A few years ago, the editor of Wired Magazine wrote an article about the Long Tail and used Amazon.com and Netflix as examples.
Basically, the long tail theory says that you can do more business by selling small amounts of hard to find items than trying to sell large amounts of easy to find items.
Amazon stocks hundreds of thousands of items, and sells only a few of each, but because the stock isn’t residing in an actual inventory, the overhead is negligible and Amazon is able to sell millions of dollars worth of product.
Any online retailer or business can mimic the same model of the long tail – especially if you’re a Club Asteria member!
First, you need to figure out the niche that you serve – are your customers looking for business solutions or residential solutions? Do they want to purchase software or are they looking for specific business books?
The next step to finding a niche is to research the market that you are currently targeting. Start by listing the “easy guesses”, that is, the popular products that everyone carries and sells. The strong sellers are what help pay your overhead, keep your site running and the bills paid.
Now look closer at your sales over the past several months, what are your steady sellers that might only be purchased 5-10 times a month? Do they all fit into one category or do they represent an entirely different kind of market?
The best way to test this theory is marketing these steady, smaller sellers and observing how they perform. Another great way to discover niches is to survey your customers, based on their past purchases, and ask what other products or titles they would like.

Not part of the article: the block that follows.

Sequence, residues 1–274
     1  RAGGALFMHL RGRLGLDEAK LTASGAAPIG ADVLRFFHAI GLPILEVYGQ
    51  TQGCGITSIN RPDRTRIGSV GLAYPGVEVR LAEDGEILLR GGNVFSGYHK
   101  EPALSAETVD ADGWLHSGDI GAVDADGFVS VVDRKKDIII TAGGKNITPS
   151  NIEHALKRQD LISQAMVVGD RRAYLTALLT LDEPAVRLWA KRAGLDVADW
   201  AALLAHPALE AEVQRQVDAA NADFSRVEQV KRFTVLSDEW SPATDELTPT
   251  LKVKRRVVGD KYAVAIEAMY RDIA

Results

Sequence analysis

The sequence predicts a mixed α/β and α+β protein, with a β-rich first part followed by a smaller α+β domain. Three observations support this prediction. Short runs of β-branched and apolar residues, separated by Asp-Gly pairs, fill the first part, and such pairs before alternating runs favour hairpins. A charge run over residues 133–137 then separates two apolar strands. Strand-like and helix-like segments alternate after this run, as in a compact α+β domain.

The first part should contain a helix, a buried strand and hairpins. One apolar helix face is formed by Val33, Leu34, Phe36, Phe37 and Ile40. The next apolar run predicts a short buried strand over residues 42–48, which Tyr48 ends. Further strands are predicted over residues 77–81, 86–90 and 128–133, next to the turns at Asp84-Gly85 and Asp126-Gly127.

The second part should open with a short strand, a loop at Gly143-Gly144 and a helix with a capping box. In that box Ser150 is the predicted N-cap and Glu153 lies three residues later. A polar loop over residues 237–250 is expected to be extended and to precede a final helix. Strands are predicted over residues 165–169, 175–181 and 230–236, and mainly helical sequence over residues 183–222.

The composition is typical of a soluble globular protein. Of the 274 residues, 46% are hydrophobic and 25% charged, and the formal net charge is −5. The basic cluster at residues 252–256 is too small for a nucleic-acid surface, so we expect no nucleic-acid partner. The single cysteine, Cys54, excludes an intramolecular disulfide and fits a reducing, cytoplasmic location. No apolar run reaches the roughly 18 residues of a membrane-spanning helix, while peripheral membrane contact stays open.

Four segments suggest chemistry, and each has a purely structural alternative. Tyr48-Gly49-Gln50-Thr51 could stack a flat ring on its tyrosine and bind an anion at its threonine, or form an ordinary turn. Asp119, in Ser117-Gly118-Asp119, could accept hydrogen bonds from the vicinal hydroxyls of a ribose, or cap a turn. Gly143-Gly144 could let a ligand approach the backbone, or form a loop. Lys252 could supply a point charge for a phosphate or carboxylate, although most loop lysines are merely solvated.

Another way to discover a niche is test marketing, and with the Internet that’s easier than doing it the traditional way. If you’ve noticed a trend in business and found a product that compliments that trend, offer it as a special deal on the front page of your site.
Using your analytics and tracking programs, you can determine if this new product is getting a lot of attention. You may have to tinker with this process, but you won’t be taking a big risk, since the inventory doesn’t have to be purchase by you until orders are generated.
Niche markets are always waiting to be discovered – and if you can’t find one, building a niche is the next best answer.
This process takes more time, but if you realize there’s a market that hasn’t been serviced, matching up existing products or developing new ones, can result in significant profit.
Again, the initial investment of time and money is sizable, but when you grow a niche market yourself, you benefit from being the first one there!
Tags: business solutions, business books, niche market, financial freedom